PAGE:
After reading online this morning that some attractive teneral forms of female Scarce Blue-tailed Damselfly could be seen in the New Forest I decided to go and have a look. It is getting difficult now to find new and different odonata to photograph but there are still immatures (teneral) and females of some species that I have yet to record.
This being a snap decision the late departure would mean braving traffic congestion between the A34 / M3 junction and the M27. That obstacle took 40 minutes to negotiate but afterwards it was a clear run to a site I have visited in each of the last two seasons (see here and here). The B3078 road from the end of the motorway to Latchmore Brook (SU182124) had an extra “aawww factor” on this occasion since many of the New Forest ponies had foals.
I arrived on site just before 1pm and donning my wellies set off for the SBTD stronghold in a bog just to the north of the brook. The first odo to show themselves predictably were Banded Demoiselle, closely followed by Large Red Damselfly. At one small pool a Broad-bodied Chaser (below right) was holding territory, while two males were competing for the next, larger area of water that I reached.
A short distance beyond that spot lay the bog, glistening in the early afternoon sunshine and full of attractive wild plants. This habitat is created by water run-off from the higher ground of Hampton Ridge on its northern side. Now two more blue dragonflies were encountered: first an early Keeled Skimmer (above, left) of which there will be many at this site come mid-summer, then a magnificent Blue Emperor (below right) suspended lazily from a resting place in Gorse.
While I was watching the latter a first male Scarce Blue-tailed Damselfly appeared. These always have a ghost-like quality as they drift weakly over the bog surface, only to vanish in an instant when the light changes. They are valley mire specialists favouring disturbed habitat that has been grazed and trampled by livestock.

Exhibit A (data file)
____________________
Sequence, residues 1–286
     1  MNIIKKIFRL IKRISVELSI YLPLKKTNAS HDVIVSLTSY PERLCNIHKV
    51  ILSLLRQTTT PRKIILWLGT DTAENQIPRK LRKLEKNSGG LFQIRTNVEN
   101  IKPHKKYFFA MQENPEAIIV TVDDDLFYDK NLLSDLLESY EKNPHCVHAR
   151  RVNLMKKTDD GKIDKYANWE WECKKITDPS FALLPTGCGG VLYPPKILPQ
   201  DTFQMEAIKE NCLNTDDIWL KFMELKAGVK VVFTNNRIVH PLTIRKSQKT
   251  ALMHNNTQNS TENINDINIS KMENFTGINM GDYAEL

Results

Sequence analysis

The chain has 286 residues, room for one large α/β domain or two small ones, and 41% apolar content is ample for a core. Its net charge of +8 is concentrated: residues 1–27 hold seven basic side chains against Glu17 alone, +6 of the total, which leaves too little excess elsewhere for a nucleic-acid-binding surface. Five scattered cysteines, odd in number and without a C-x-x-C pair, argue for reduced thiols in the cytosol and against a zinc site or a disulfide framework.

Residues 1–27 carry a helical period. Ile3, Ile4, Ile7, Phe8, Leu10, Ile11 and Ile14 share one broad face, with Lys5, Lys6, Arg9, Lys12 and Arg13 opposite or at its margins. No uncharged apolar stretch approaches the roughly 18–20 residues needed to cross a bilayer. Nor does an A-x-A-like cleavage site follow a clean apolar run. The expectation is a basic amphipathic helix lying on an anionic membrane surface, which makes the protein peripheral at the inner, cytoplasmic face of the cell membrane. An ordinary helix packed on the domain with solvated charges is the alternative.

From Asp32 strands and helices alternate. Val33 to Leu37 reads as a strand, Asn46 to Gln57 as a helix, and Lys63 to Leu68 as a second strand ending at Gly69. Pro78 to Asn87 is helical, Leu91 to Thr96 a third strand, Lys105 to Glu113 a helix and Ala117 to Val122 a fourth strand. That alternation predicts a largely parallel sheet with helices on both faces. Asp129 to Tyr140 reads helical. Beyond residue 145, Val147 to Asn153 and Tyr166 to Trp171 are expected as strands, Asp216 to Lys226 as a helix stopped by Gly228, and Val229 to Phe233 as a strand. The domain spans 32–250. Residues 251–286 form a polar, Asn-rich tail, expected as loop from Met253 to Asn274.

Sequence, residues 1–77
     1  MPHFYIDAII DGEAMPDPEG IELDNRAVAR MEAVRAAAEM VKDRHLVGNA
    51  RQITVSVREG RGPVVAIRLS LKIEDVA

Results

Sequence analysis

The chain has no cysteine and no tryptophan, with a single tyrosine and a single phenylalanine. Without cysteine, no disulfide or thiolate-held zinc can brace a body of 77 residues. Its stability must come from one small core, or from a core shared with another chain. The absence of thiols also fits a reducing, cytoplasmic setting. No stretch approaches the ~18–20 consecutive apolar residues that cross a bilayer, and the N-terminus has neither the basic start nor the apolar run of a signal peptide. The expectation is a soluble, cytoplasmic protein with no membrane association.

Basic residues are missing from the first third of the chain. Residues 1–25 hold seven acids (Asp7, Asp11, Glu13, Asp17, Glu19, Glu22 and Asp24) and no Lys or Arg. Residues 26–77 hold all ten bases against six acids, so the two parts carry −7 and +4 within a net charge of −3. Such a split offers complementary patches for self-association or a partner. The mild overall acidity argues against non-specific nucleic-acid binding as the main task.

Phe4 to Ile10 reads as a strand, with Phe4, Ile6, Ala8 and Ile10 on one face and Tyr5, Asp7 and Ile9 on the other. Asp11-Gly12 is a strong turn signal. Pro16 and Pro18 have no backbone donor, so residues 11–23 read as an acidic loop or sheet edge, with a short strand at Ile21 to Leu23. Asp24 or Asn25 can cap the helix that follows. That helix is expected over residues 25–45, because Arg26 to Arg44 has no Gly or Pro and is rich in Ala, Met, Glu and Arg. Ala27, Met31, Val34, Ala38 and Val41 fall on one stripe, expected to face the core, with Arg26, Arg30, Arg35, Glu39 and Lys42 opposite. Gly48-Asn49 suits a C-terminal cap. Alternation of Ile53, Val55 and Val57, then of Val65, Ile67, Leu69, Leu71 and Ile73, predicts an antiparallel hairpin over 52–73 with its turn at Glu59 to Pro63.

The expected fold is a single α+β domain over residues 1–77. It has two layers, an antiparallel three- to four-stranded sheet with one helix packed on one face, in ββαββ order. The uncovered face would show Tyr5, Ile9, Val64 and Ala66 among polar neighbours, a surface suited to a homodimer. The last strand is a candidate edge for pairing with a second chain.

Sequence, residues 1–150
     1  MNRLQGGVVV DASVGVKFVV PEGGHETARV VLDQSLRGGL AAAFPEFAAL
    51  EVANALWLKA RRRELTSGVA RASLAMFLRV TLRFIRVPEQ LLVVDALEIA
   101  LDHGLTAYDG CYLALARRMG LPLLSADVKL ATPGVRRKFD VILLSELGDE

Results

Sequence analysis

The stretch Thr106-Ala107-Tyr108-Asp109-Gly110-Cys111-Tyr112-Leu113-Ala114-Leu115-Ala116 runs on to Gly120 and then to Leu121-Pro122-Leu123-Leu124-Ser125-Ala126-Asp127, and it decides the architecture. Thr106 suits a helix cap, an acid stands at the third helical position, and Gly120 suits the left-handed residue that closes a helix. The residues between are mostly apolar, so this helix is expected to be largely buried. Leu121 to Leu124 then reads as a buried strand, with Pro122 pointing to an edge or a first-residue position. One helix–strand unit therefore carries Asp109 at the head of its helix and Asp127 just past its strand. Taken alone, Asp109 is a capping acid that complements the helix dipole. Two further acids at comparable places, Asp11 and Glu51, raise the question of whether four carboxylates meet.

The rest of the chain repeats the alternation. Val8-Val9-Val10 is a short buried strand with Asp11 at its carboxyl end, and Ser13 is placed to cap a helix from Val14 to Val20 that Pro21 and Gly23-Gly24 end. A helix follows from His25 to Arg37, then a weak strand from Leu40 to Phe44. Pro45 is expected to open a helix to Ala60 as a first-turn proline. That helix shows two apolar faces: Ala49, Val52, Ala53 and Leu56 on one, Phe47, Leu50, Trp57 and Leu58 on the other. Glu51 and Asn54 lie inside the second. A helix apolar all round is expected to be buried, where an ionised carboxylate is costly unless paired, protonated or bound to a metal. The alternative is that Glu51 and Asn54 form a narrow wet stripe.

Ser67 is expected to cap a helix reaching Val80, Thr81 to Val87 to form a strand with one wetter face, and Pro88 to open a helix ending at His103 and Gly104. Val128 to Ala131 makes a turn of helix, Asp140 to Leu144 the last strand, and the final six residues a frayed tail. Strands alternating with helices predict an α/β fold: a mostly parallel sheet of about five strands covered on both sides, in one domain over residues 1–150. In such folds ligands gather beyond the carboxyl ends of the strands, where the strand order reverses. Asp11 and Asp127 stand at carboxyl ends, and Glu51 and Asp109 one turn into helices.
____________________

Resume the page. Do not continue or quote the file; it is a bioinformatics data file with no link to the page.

As the pictures below (left and upper right) show, males are predominantly dark brown, with segment 9 of the abdomen blue with two small black dots, and part of segment 8 also blue. Markings on the thorax develop from a straw colouration on emergence, through green and turquoise to deep blue when mature; so I was observing fairly young specimens today. The larger Blue-tailed Damselfy (bottom right) has a rather more sharply defined blue tail that is contained within segment 8. I found several male SBTD at this particular spot but none of the teneral females I had come here hoping to see.
By mid-afternoon conditions, frustratingly became more overcast. Then it seemed the longer I stayed here the less I found. Each time I began to walk away the sun would emerge, usually weakly again but not for long before being enveloped by cloud once more. A cool breeze also grew and everything stopped flying. Eventually I did put up an unfamiliar insect that looked like a teneral female SBTD, but it flew off ahead before disappearing into cover. In four hours on site I had gained some reasonable pictures but not photographed anything new before the grey stuff rolled in … and that is so often the way with insect watching!